Perform a situation analysis of the industry’s future, your company and your supervisor. What is your company’s core mission? “Remember that the kind of initiatives that matter most to your career are those that relate to the company’s critical path,” writes Ms. Austin, adding, “Focus on the aspects of your assigned job that furthers that mission.” Try to understand what your manager is trying to accomplish, and then work to make him or her successful.

Analyze yourself. In order to find out where you stand today, how well you are known and what people think about you, ask. One good way to do this is to get honest feedback. Mr. Butler of DBM Korea recommends asking five people you work with, they can be colleagues, customers, vendors, basically anyone who knows you professionally. Ask them how they perceive your work and how they perceive your contributions.
When your self perception is different from the way other people view you, you can have many difficulties.

Combine the analysis of your organization’s needs with what value you offer to your organization, whether that contribution is large or small. Ms. Yoo says success stories often happen when a person is able to match the corporation’s needs with their personal image.

Come up with key messages and personal objectives. Simplify all your strengths and positive points into a few easy-to-remember, easy-to-communicate lines that through repetition will be remembered. The simplest covers who you are, what you do, what makes you different, or how you create value for your target market. As for personal objectives, consider where you want to be in the future.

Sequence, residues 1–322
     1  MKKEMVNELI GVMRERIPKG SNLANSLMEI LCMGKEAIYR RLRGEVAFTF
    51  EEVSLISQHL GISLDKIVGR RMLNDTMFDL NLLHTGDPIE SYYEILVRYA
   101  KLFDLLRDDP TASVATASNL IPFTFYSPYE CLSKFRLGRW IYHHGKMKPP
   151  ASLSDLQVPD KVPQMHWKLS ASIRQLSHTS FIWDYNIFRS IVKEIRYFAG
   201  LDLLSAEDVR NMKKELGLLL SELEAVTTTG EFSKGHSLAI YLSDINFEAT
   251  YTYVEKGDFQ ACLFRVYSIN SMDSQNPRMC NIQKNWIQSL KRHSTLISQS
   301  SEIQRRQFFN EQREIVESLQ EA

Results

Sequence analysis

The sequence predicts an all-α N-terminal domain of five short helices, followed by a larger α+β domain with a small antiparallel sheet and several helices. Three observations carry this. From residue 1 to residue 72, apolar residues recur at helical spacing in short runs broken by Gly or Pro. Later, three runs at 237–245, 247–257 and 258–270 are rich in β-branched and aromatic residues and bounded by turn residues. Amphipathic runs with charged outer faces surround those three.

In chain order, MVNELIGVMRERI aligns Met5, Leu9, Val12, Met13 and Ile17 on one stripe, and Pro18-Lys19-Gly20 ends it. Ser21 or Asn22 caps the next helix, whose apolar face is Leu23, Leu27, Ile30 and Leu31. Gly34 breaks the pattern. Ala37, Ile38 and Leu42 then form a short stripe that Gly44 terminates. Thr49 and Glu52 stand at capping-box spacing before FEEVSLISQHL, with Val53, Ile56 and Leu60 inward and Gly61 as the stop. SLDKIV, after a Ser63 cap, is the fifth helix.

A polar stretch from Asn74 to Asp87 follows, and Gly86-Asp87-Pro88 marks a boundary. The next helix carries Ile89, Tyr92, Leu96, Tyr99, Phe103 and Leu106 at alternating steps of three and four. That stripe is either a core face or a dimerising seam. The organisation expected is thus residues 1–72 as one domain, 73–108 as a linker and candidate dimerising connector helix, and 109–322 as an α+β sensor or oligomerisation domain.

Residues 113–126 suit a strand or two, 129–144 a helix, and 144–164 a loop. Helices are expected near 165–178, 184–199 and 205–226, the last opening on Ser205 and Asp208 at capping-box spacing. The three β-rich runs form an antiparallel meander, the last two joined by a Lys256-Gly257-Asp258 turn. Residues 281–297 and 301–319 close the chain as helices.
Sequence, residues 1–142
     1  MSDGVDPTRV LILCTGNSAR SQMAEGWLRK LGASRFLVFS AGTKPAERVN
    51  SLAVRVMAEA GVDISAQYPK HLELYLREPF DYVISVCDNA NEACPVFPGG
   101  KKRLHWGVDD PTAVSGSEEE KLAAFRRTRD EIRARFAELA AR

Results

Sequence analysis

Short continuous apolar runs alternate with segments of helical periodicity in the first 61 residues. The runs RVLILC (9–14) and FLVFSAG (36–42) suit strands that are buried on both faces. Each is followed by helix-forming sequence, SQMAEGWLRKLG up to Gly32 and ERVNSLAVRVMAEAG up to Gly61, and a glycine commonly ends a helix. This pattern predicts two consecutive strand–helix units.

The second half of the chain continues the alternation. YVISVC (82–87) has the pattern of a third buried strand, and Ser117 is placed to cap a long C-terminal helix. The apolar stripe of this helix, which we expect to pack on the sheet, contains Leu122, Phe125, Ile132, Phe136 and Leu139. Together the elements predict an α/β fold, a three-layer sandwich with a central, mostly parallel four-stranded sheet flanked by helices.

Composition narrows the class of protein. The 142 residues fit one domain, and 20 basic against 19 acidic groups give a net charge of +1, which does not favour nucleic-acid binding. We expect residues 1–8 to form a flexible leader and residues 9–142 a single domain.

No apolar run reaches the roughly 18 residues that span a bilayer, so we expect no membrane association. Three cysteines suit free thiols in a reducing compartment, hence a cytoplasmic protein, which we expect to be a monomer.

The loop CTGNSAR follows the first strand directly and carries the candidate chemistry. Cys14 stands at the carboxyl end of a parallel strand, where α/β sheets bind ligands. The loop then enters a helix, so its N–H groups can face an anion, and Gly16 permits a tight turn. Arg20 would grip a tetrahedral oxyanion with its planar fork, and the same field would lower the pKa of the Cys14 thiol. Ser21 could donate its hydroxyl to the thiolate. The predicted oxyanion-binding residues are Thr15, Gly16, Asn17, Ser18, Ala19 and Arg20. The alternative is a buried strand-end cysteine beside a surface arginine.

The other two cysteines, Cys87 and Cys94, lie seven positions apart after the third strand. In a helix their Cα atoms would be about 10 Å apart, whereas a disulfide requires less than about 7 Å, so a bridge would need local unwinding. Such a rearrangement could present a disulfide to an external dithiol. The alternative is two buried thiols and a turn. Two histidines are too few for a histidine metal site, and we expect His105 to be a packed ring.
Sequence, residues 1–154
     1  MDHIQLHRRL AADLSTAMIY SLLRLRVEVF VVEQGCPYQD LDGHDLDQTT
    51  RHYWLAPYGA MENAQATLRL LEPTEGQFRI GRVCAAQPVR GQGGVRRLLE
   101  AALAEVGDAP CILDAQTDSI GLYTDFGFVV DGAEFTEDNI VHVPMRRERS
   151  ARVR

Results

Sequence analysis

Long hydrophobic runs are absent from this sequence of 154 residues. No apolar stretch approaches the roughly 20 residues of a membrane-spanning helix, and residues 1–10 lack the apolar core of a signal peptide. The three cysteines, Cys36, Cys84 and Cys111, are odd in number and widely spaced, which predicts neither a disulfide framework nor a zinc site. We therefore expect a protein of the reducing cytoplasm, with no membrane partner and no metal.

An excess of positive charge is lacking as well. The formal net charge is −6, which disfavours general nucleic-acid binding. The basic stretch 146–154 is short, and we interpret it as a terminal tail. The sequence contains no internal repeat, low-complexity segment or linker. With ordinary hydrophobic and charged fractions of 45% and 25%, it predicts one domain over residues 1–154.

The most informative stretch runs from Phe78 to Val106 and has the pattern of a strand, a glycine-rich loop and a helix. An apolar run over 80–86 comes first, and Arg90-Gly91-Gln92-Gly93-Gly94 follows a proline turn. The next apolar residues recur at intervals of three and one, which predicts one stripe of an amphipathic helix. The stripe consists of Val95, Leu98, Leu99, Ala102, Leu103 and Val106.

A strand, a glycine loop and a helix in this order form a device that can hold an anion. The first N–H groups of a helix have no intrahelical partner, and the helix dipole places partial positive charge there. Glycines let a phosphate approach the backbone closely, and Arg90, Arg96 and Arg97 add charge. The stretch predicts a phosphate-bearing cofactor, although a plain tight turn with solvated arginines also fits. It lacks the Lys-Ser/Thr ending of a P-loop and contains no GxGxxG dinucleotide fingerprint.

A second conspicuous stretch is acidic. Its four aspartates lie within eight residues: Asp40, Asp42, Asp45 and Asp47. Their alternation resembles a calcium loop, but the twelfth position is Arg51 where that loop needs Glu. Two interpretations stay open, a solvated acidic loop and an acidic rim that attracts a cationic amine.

Create a personal communications strategy to communicate those key messages. Mr. Pickard calls them unique approaches designed to make you stand out from the crowd.”
Tactics can include relationship networking, contact management and personal publicity. When networking, don’t forget your peers.

Treat every chance to communicate ― phone calls, e-mails, conversations in the hallway ― as an opportunity to promote your desired image.

Do your assigned job well. “Before taking any steps to promote yourself or get involved with other initiatives in the company, make sure that you’re doing your assigned job well,” Ms. Austin writes.

Step up to the plate. A lot of work that is critically important to a company doesn’t fit neatly into a person’s job description. Be the person that steps up and accomplishes these tasks.

Finally, track your behavior relentlessly to make sure you’re meeting professional and personal obligations. Always remember, this is who you are and this is how you work.


by Joe Yong-hee